Navigating Chronic Pain: What You Need to Know about Pain Management Specialists
Everyone feels pain at some point. Pain that lasts a short time and goes away when you heal is called acute pain. On the contrary, pain that has persisted for months or years is called chronic pain. We see patients all the time who have spent months or even years trying home remedies, visiting their primary care doctor and even specialist, but still haven’t found relief.
Pain management doctors focus on helping treat chronic pain symptoms and are often considered the last resort when other pain relief options have failed. At Vitality Integrative Wellness, we offer alternative therapies that are often effective when everything else has come up short. However, if you’ve tried everything and still haven’t gotten relief, a pain management specialist may be an option to explore. That said, there are some essential questions to ask before you get started with a pain management doctor.
What is your Background and Experience in Pain Management?
Currently, there are no established standards for the different types of physicians that must be included in pain management, so treatment offerings will vary from clinic to clinic.
To qualify as a pain management specialist in the eyes of the American Board of Medical Specialties, a healthcare provider should have completed additional training and credentialing in pain medicine and be an MD with board certification in at least one of the following specialties:
- Physical rehabilitation
- Psychiatry and neurology.
You can check the American Board of Medical Specialties website to ensure your physician is board certified.
What can I expect on my first visit to a pain clinic?
As a first-time patient in a pain management clinic, it can be overwhelming. Knowing what to expect can be helpful. You might experience the following:
- Diagnostic Tests
- Referral to other medical specialists
- Interventional treatments
- Physical Therapy
- Alternative medicine options as a complement to other treatments
At the first visit, having a pain journal and being aware of your pain patterns is helpful. In your pain journal, record what the pain feels like, how often you feel the pain, and whether there are any other symptoms when you feel the pain.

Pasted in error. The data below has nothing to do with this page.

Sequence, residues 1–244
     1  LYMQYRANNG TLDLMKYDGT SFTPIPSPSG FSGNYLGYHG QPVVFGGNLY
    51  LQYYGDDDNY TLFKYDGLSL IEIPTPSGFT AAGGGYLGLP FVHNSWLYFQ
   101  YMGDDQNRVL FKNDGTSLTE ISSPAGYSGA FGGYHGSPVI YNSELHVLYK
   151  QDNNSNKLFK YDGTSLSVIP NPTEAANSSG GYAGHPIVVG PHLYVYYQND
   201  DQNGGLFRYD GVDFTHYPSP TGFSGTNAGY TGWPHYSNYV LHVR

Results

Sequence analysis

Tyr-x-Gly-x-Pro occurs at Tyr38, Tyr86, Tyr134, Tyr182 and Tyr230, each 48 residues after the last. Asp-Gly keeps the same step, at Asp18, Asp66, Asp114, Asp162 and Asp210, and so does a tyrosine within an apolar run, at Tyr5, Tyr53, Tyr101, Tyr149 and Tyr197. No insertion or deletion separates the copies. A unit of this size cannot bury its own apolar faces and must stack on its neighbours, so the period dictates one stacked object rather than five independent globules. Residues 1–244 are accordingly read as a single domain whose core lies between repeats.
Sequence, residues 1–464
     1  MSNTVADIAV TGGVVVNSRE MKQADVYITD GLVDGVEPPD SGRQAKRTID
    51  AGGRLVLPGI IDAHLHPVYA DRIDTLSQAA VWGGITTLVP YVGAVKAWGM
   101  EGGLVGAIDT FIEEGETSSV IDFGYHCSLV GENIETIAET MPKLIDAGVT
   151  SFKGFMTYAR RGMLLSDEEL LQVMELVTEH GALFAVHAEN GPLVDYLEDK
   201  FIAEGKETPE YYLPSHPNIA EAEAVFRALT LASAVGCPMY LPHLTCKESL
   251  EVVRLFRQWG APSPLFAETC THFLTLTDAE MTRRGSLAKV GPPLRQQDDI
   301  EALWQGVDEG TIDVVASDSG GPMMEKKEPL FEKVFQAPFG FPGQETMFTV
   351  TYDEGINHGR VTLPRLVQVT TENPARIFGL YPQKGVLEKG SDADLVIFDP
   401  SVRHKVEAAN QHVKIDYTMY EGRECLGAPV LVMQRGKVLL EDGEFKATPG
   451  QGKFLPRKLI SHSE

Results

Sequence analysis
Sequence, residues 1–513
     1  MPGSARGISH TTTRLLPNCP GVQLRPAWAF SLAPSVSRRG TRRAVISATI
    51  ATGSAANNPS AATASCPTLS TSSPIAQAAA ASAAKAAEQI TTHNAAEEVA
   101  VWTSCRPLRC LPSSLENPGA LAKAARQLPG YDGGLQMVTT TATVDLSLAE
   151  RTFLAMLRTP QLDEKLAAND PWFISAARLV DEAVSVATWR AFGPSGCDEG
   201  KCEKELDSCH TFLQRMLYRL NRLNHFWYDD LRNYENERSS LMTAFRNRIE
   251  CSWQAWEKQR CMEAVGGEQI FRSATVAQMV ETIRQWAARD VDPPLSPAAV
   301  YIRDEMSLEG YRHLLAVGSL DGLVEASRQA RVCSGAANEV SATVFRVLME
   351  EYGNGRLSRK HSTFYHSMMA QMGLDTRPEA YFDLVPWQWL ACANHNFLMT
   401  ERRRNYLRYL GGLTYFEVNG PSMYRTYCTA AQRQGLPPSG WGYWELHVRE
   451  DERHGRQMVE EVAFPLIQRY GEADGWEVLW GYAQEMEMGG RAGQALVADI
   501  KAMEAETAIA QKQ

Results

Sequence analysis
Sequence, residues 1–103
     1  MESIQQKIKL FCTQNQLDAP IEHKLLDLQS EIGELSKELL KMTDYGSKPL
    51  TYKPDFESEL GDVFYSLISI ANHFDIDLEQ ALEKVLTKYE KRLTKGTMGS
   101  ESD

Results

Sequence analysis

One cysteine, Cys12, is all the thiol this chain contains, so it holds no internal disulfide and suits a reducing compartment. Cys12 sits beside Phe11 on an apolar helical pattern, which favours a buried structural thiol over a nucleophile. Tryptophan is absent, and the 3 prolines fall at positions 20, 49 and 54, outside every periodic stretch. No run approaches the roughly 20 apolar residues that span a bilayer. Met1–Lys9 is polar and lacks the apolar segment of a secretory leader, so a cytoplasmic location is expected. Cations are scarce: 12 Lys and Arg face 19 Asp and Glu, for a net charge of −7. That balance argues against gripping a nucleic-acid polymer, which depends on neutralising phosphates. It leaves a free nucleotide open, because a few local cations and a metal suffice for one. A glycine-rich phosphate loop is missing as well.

Have you seen this before in other patients?
It can be reassuring to know that your doctor has successfully treated other patients with the same medical issues can be reassuring. They can share treatments that often help and educate you on the condition. You may also find out if there are any support groups to help you manage your situation.
What are my treatment options?
There are multiple methods of treating chronic pain. You need to know the pros and cons of each method and what your pain management doctor’s philosophy on pain management is.
- First-line treatment from your pain management doctor often involves medications like anti-inflammatories and muscle relaxants. Other options are using numbing agents or TENS (Transcutaneous electrical nerve stimulators) units.
- Treatments can involve using heat or chemical agents applied directly to the nerve to stop pain signals. Another option is an injection of lubricating fluid into the joints. These types of treatments can be effective, especially for arthritis, but come with risks and issues longterm. At this stage, the physician may prescribe strong medication.
- Finally, treatments may involve using a pain pump to relieve pain at the spinal cord level. Regenerative medicine and other alternative medical treatments are other options at this stage. Vitality has provided regenerative medicine and other alternatives to surgery and pharmaceutical pain relievers to clients for over 20 years.
Over the past several years, pain management has moved away from prescribing opiate medication because people addicted to this type of medication need more sophisticated help than a pain management clinic can provide.
Who else will be involved in my care?
Often the best option for treating chronic pain is a multidisciplinary approach. This refers to the teamwork of several different specialists working together to treat the condition. Some of the more common specialists that work with your physician can be neurologists, orthopedists, rheumatologists, and surgeons. You want to look for, at the very least, a pain management clinic that provides access to a physical rehabilitation specialist and mental health specialist.
Are there any red flags with this type of pain?
Certain kinds of pain may be associated with a more serious health problem. Pain that has increased in intensity over a short period of time may warrant a trip to the emergency room. It’s important to remind the physician to discuss the risks of your pain condition with you and what indicates a more severe problem.
Will I be completely free of any chronic pain?
Pain management aims to minimize chronic pain rather than eliminate it. Often it is not possible to completely cure the causes of chronic pain with this type of treatment. Other goals are to improve function in your activities and to improve your quality of life.
What can I do in the way of self-care and treatment?
While your chronic pain may be something you must learn to live with long-term, taking an active role in your self-care can make chronic pain more manageable. Self-care options could include:
- More physical activity
- Weight loss
- Regular sleep patterns
- Improving your diet
Navigating chronic pain can be challenging, but seeking the right help can make a significant difference in managing your condition. By asking the right questions and being prepared for your initial visit, you can find a physician who understands your specific needs and specializes in treating your pain.